Southwest has one of the easiest boarding systems to understand. You line up based on the number on your boarding pass. There are three groups, A, B and C, with passengers numbered 1-60 in each letter group. There’s no assigned seating. When you board, you can pick any available seat. Thus the advantage of getting the lowest boarding group and the lowest number in that group possible.
If you get lucky enough to have a low number, you may be able to snag this seat on a Southwest plane.
So while there are no assigned seats, Southwest has come up with a number of ways to sell preferred access to the lower boarding numbers.
Checking In at the 24-hour mark
Boarding assignments are given in the order that you check in for the flight. Since check-in begins at T-24 Hours from the scheduled departure time, the quicker you are to check-in, the better position you have. I can remember when people who had smartphones with internet were at a huge advantage over those who could only check in by using a desktop computer.
Now with connectivity seemingly everywhere and checking in only a tap away on the Southwest app, everyone has a chance to check in immediately. Getting your boarding position feels like when you’re trying to buy concert tickets. (I wonder if anyone has ever scalped a good seating position on Southwest?)
There are now ways to get in line ahead of those checking in at exactly 24-hours.
For a fee, Southwest’s EarlyBird Check-In automatically checks you in for your flight before the 24-hour mark. When the service was launched in 2009 the cost was set at $10 per ticket but now costs anywhere from $15 to $25. EarlyBird assignments are determined by when you paid your fee so the earlier you book your ticket (and pay the EarlyBird fee), the further up in queue you are for boarding position. EarlyBird needs to be purchased for each direction you’re flying (but you can choose to get the service on one flight but not the other). If you’re on connecting flights, the fee will cover both flights.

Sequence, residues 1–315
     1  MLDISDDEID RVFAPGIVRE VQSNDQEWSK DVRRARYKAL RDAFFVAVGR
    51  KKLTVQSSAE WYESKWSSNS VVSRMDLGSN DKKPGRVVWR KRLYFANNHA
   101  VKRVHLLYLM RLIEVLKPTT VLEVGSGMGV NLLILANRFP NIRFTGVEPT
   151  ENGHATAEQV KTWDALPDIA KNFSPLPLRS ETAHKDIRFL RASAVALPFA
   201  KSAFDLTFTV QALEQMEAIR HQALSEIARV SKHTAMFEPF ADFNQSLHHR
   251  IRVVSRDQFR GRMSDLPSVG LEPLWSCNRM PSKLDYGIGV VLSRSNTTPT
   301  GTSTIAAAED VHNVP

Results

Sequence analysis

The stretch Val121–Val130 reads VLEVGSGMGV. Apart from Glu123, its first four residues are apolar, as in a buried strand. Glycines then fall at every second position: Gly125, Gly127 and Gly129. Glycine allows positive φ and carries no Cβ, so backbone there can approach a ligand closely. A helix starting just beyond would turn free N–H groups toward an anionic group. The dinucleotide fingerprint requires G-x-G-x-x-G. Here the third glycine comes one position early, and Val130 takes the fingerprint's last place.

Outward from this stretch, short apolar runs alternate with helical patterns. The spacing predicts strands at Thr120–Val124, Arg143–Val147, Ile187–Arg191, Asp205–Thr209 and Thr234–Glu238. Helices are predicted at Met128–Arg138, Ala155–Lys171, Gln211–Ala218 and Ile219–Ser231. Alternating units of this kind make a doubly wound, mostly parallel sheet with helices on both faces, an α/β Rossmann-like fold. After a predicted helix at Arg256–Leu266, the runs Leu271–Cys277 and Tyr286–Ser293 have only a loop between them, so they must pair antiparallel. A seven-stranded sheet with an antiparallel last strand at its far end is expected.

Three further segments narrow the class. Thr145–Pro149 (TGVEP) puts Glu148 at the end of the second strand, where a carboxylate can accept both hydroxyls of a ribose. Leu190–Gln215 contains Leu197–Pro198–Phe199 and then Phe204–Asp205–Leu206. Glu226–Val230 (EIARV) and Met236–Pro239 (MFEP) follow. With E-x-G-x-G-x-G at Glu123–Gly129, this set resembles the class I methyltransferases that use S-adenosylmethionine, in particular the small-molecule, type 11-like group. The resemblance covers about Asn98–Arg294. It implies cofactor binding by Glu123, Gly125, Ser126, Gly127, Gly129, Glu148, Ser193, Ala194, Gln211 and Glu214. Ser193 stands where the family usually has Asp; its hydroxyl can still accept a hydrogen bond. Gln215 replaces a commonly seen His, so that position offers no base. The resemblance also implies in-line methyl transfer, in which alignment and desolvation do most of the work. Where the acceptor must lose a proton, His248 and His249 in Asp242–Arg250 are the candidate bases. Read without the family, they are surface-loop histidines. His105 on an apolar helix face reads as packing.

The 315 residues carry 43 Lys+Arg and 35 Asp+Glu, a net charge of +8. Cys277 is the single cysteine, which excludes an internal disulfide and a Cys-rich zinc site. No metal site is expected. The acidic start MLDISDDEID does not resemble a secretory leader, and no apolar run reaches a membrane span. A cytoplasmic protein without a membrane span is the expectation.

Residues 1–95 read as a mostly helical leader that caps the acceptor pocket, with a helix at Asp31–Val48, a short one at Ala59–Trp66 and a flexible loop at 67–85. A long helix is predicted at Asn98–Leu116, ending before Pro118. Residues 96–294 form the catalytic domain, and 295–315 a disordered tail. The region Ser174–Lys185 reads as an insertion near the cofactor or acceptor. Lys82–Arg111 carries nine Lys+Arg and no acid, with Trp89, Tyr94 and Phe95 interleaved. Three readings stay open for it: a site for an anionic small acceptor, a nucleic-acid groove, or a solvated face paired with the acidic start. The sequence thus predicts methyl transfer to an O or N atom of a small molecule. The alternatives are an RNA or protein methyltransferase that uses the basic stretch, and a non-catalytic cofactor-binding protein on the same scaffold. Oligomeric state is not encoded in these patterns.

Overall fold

This is the way most passengers will purchase a better boarding position, as the service is heavily promoted on the website when booking your flight. Full disclosure: We typically purchase EarlyBird on our Southwest flights.
But buying EarlyBird still doesn’t put you first in line.
A-List and A-List Preferred
Southwest’s Frequent Flyers are provided A-List status. That’s because they’ll always be checked into the A boarding group. Get it? A List. A Group.
A-List passengers get checked in at T-36, a full 12 hours before the rest of the flight, ensuring them the best boarding positions. Even if an A-List member buys a ticket at the last minute and has position C-50 on their boarding pass, they’re able to board at the end of the A group.
Business Select Fares
Those crazy high Business Select fares you see when buying your ticket include preferred boarding position. Better than Early Bird and even better than A-List. Business Select passengers get boarding positions A1-A15.
But there’s another way to get those coveted A1-A15 boarding positions without paying a crazy amount for your ticket.
A much less known upgrade on Southwest is paying for Priority Boarding. You’re only able to purchase it at the airport on the day of your flight, based on availability.
On our last trip, I forgot to book EarlyBird check-in with our flights. When we checked in at exactly 24-hours before the flight, we received boarding position B-12 & B-13. Not horrible and we’d have a solid chance of sitting together and I didn’t have to pay the $40 it would have cost for EarlyBird. But I wanted to try for better.
When we got to the airport, we headed to the gate. We were early so there was no one at the desk. I asked about Priority Boarding for our flight. The agent looked up our info and said they had positions A-7 & A-8 and the cost would be $40 each.
We took it.
So instead of paying the $20 for EarlyBird at the last minute and getting a position at the very end of A or possibly the B group, for $40 I was one of the first people on the plane. People who need extra time to pre-board still get on first and that’s OK by me.
Guess which seats Sharon let me pick?
If you’re flying another airline, you’re usually paying between $20-$50 for an exit row seat assignment. If you want the same seat on a Southwest flight, all you have to do is pay for $30 to $50 for Priority Boarding at the gate and you’ll be able to pick whatever seat you want, be it the bulkhead, exit row or the legroom for days seat. If you have the right credit cards, you’ll even be able to get a credit for the upgrade fee. The only downside is that the upgrade space is limited by how many business select fares they sold on your flight. They’ll only sell up to A-15 and after that, you’re stuck with whatever place is on your boarding pass.
So if you’re willing to take a small risk about them being sold out and are able to fork over a few extra dollars, you can have access to the best boarding positions when flying on Southwest.
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This post first appeared on Your Mileage May Vary